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Monday, October 31

A grey day


These days, I can't find the motivation to take my camera out when the sun's shining. It's a bit perverse, I know, but sunny landscapes don't seem to move me much. It's like listening to music. The stuff on the radio tends to be happy-clappy and quite forgettable. I prefer songs written in minor keys and with a melancholy air. I also like film noir. Maybe it's my sad Celtic soul...

My favourite weather for landscapes just now is overcast with an atmospheric haze. If the sky is white it makes a great backdrop for interesting foreground objects because it doesn't compete for interest. A touch of mist helps the feeling of depth through a recession of tones.

Above is a grey day close-up of a gate that caught my eye. I liked the way the messy wire contrasted with the wrought-iron scroll-work up top. A little bit more mist would have been perfect. I shot wide open on my Rolleiflex 2.8F and the film was Tri-X. The bokeh is quite nice although the telegraph poll in the background is still a distraction. There was no way I could photograph the gate head on like this without including it. Of course, I could just Photoshop it out but that would simply be stooping to the level of digital photographers.*

This was a straightforward shot technically-speaking with no particular challenges to overcome. The only worry was getting the gate in focus as the wind was blowing me about a bit and depth of field at f2.8 on the 6x6 format is wafer thin when the subject distance is this close. I focused on the sliding locks near the bottom. The very top of the gate is slightly soft so narrow is the DoF.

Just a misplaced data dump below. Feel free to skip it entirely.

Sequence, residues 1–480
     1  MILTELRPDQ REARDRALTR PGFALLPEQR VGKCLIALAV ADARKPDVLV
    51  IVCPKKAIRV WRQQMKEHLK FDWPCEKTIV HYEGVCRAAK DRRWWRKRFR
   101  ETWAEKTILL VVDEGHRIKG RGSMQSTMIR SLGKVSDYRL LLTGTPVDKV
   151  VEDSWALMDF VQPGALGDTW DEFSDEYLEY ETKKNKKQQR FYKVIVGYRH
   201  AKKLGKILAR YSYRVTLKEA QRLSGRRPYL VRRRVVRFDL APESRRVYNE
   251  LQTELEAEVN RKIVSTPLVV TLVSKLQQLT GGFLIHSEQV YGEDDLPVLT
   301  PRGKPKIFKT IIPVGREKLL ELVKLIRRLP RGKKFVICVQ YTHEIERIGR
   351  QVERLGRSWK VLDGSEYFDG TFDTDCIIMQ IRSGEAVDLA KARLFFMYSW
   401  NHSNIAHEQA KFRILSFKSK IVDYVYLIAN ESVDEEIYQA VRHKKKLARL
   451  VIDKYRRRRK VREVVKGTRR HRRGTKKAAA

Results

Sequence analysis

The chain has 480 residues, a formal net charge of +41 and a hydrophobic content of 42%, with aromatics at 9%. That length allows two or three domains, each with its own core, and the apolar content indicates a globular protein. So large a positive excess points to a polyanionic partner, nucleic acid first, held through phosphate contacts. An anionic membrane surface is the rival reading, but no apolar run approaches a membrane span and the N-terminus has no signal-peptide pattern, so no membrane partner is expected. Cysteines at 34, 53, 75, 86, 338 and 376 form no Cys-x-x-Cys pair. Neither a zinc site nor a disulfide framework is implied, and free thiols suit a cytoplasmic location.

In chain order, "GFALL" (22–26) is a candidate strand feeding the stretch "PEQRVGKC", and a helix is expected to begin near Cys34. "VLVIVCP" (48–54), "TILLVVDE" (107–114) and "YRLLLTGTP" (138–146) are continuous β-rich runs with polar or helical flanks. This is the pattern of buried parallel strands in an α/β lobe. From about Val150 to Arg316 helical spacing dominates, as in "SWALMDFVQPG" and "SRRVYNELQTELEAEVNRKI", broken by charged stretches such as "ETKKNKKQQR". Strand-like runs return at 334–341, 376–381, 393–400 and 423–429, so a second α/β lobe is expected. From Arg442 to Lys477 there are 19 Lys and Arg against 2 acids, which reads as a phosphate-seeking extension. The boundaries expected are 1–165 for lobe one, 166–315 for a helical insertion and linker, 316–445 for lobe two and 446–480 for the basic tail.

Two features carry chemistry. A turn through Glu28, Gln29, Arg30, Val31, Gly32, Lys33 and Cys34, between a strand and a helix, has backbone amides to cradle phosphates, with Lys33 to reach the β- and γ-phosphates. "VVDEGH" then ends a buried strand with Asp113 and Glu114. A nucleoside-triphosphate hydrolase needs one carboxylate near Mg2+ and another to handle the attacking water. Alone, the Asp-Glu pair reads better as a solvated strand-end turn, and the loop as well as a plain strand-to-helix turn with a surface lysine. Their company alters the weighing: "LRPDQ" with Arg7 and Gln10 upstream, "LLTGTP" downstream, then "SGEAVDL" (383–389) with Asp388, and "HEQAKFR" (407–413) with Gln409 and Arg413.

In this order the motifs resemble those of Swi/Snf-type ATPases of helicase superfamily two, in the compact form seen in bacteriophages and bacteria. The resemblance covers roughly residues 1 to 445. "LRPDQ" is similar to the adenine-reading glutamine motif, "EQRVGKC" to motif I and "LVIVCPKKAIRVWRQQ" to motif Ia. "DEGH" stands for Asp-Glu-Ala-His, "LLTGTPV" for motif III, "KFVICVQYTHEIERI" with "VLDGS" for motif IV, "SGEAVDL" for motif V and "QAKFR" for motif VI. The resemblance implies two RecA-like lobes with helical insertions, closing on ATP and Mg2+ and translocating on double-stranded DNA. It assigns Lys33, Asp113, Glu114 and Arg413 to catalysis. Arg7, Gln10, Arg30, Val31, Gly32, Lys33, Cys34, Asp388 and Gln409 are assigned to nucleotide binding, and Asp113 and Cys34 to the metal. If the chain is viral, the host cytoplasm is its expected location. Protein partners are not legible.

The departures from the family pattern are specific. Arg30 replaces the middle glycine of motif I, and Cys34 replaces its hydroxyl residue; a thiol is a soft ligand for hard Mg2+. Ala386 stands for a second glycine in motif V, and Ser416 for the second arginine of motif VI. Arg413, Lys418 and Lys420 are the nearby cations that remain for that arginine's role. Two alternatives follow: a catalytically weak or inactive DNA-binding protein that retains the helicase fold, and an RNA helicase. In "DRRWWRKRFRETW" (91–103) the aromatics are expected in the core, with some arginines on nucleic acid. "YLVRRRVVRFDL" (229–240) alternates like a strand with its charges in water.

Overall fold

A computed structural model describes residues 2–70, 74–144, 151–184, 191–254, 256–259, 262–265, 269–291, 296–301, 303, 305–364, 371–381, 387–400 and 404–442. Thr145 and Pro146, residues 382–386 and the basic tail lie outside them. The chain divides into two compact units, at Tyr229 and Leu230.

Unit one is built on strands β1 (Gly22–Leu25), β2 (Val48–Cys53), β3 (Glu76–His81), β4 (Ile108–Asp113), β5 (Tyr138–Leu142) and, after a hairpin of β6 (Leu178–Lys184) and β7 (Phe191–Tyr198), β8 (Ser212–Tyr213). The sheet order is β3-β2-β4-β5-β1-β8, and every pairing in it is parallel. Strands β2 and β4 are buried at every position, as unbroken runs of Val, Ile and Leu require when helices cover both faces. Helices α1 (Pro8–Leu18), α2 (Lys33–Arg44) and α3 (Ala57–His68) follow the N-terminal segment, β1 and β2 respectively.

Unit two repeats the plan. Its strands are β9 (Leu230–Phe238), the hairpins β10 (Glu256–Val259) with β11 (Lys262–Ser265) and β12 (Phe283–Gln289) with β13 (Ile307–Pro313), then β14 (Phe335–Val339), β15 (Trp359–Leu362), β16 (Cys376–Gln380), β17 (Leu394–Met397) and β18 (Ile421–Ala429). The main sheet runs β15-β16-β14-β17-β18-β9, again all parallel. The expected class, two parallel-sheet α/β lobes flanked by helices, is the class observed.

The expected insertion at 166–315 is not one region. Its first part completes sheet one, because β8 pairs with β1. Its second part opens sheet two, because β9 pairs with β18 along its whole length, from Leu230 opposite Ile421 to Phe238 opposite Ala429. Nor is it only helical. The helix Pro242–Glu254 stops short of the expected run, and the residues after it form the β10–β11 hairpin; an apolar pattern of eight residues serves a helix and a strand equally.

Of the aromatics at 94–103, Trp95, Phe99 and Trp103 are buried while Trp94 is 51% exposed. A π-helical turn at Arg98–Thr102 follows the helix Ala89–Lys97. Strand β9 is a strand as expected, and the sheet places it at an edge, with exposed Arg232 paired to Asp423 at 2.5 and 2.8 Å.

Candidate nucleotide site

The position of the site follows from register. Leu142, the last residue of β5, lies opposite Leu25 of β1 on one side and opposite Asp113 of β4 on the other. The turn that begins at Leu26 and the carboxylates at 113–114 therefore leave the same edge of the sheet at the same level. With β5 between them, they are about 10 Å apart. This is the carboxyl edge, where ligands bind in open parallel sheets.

That's about as close as the Rolleiflex 2.8F focuses. I've got a 1950s Rolleiflex MXV for which I bought a close-up attachment a few weeks ago and that would have got quite a bit closer. However, I'm not sure how reliable it's likely to be as it was the subject of a slightly botched DIY job (yes, it suffered at my hands). I managed to get the sticky slow speeds running well-enough after applying some lighter fuel but there's a screw loose somewhere that I'm scared will work it's way into the middle of something quite vital to the camera's operation.  I'll be running a test film through it over the next few weeks and hope it doesn't need a service as my photography budget is thinner than the Rollei's depth of field right now.


*Humour alert!

3 comments :

Kelly Sereda said...

Hi Bruce,

It's an interesting point you make about receding tones and how the quest for such shots can benefit from overcast skies and mist. I'd never really looked at it that way before. My own bokeh explorations are so tied to light spilling over foliage that I'd easily have overlooked the joys available in the situations in which you thrive. I'm enjoying your results, perhaps its time to expand my horizons (I've stumbled on a pun there I think.)

BRUCE ROBBINS said...

We have very different approaches but each has its merits. I love the way you use sunlight on your out-of-focus backgrounds. You somehow manage to squeeze the nicest images from lenses that many people would say have
very poor bokeh characteristics. Your use of swirly bokeh in particular is great. Makes me want to get the 85mm Helios!

In case other readers are wondering what we're talking about you can check out Kelly's bokeh studies at:
http://kellysereda.com/bokeh

Al Denholm said...

Nice shots again,,and also a great display of how underrated taking shots in bad weather can be..

For me the Bokeh on my Konica S hexar lens is the nicest looking of all the film cameras I own.

Best
Al